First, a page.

PUBG esports director quits, esports community airs frustrations

Olivia Richman • December 25, 2019 6:00 pm

PUBG Corp.’s director of esports has stepped down. 

Jake “TheJaker” Sin announced on Twitter that he is leaving the PlayerUnknown’s Battlegrounds team after a year. He wished his former team nothing but the best as they “continue the venture with the overhauled structure.”

“I’m leaving PUBG. I’m incredibly proud of what my small team was able to accomplish in just one year of existence. Of course there are many things I wished were done better, but they would have required committing company-wide resources well beyond my reach,” Sin said in a tweet. 

Sin assured people that in spite of his departure, he was still hopeful that PUBG would succeed as an esport.

While Sin doesn’t have any concrete future plans to share with his followers, he did inform PUBG fans that he is hoping to continue his involvement with the esports community. But most of the responses Sin received on his Twitter indicate that the esports community is hoping he’s leaving the scene for good. 

One Twitter user compiled a collection of tweets from esports organizations that left PUBG’s competitive scene this year. 

PUBG teams quit scene

“Have to agree with this,” another follower added. “How about an apology to all the players who worked their asses off and still got dropped by their org because of PUBG Corp’s failures? Of course we can’t know who was really at fault from the outside but I don’t think there’s much to celebrate here.” 

Tempo Storm, one of the organizations that let go of their PUBG roster, openly blamed PUBG Corp. for the loss of their PUBG squad. 

“This was one of the best rosters we’ve ever fielded. We’re incredibly disappointed to have to release them. The team won almost every possible event, and the players did everything right. Really disappointed in PUBG Corp here,” Tempo Storm tweeted, referring to the lack of an official PUBG pro league and better support for its competitive scene.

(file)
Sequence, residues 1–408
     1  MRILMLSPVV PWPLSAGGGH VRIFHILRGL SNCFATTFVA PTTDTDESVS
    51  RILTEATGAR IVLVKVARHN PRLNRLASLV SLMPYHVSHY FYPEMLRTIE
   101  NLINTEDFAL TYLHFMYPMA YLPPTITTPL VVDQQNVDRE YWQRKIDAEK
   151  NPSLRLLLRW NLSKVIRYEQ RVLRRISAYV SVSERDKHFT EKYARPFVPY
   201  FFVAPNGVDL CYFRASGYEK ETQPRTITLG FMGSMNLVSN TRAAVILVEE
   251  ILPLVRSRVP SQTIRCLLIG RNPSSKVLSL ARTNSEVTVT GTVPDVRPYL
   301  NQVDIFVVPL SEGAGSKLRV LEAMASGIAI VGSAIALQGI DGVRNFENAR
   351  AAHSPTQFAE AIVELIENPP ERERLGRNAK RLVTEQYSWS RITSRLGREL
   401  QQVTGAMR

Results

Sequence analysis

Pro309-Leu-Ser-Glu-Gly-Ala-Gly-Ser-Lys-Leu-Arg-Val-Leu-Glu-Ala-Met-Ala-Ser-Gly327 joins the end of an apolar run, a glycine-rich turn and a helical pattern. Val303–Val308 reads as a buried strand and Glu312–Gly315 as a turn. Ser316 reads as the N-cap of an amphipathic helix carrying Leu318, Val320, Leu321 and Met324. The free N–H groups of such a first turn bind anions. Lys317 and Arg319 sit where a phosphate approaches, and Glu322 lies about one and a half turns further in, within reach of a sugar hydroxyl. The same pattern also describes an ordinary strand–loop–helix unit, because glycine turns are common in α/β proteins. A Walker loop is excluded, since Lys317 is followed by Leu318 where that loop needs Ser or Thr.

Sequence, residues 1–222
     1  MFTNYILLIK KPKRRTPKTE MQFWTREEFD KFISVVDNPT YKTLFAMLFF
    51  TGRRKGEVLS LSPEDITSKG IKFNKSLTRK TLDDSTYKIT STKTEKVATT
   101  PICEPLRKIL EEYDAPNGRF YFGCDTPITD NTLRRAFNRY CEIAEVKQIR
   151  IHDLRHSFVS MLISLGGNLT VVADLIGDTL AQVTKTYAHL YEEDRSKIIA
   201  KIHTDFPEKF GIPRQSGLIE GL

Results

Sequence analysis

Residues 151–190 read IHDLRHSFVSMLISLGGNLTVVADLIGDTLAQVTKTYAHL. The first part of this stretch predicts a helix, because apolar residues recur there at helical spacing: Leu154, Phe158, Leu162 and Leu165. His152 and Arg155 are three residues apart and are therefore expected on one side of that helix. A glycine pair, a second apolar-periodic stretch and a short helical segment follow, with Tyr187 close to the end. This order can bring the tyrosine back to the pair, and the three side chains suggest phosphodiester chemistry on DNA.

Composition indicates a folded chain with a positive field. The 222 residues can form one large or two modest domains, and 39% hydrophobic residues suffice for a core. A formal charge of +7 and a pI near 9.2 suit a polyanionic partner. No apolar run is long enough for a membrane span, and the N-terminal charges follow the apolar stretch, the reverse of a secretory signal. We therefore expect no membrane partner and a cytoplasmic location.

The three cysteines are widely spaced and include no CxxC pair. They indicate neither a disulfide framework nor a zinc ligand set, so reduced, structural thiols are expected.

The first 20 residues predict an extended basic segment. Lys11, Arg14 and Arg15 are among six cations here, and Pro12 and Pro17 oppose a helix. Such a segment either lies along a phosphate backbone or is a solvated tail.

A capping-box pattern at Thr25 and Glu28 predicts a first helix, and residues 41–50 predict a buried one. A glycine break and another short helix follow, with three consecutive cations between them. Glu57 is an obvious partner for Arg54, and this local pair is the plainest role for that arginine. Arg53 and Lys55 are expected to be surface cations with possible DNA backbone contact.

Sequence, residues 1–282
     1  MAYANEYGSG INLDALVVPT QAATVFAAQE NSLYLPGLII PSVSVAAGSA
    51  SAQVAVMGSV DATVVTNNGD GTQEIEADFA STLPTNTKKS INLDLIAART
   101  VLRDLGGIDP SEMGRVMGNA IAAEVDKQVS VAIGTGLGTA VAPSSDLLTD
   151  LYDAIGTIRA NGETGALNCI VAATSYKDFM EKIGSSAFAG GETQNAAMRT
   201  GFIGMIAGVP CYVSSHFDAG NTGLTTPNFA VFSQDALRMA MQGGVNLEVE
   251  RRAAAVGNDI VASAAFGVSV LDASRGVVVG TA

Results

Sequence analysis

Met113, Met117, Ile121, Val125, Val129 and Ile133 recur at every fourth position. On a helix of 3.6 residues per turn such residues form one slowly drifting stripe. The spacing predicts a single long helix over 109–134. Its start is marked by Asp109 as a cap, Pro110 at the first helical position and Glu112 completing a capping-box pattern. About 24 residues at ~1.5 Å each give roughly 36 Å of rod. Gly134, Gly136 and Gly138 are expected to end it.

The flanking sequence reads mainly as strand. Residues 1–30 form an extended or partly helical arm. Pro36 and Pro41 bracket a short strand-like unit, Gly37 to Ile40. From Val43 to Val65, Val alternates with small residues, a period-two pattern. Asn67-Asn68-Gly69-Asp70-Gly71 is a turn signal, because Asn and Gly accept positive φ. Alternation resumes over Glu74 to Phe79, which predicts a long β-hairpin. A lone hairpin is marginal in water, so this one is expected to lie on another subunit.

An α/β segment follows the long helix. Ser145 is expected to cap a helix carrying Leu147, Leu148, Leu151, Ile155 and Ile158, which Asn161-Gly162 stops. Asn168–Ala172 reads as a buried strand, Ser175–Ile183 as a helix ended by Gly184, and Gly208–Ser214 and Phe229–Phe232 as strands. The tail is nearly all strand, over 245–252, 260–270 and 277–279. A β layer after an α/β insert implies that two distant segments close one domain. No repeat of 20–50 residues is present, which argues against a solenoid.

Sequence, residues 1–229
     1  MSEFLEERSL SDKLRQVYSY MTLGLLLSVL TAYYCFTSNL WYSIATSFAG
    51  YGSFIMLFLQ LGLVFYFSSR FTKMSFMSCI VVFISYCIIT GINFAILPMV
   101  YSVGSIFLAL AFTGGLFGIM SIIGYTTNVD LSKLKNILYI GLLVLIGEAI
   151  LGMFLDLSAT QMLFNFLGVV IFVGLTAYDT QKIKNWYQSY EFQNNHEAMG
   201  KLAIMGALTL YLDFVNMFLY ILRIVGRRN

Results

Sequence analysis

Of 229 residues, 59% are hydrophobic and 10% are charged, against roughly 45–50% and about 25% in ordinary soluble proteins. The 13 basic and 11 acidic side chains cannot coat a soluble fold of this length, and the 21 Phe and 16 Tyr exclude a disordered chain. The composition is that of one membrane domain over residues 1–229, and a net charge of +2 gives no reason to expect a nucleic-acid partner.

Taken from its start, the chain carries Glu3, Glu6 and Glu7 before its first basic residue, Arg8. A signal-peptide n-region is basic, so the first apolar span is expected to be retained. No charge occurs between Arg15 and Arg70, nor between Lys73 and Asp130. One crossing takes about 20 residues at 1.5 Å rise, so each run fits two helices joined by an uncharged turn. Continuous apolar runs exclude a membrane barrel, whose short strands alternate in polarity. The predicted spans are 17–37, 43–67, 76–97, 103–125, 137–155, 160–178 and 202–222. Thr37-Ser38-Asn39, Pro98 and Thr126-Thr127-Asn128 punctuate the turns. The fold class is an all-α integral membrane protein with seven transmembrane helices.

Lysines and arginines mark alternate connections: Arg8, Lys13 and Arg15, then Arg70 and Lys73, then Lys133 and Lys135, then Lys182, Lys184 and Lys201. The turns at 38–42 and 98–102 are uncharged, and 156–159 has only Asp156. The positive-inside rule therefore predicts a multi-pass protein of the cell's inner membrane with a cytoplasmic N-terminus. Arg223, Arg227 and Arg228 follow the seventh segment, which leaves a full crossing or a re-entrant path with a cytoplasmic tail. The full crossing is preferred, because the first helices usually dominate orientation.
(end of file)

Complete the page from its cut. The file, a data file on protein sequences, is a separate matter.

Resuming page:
PUBG has done a spotty job of focusing on the competitive side of the game. In fact, many esports teams have admitted they are not even sure what they are doing in the game in 2020. The developer has put most of its focus on mobile gaming, not offering a lot of support or communication for its other platforms. With over $1.3 billion in revenue this year for PUBG Mobile alone, it’s not much a surprise that the company has shifted its focus in this way. 

Esports industry questions PUBG as competitive title

OpTic Gaming’s owner said at the end of 2018 that he didn’t see PUBG succeeding as an esport title, comparing it to the failure of fellow battle royale H1Z1. He blamed his weariness on the PUBG league’s “lack of communication” with players. 

Around the same time, former Counter Strike: Global Offensive player Michael “shroud” Grzesiek joked on a live Twitch stream that PUBG would never be a proper esports game due to the game’s RNG. 

“That’s PUBG. We got every single fucking circle four fucking times in a row. We did not have to move. that’s why this game is not an esport. That was terrible,” shroud said. 

Other esports fans and outlets speculated that PUBG wouldn’t be successful due to the game’s many glitches and bugs. But such technical issues haven’t stopped Fortnite, and to a lesser extent Apex Legends, from continuing to dominate the battle royale competitive scene. 


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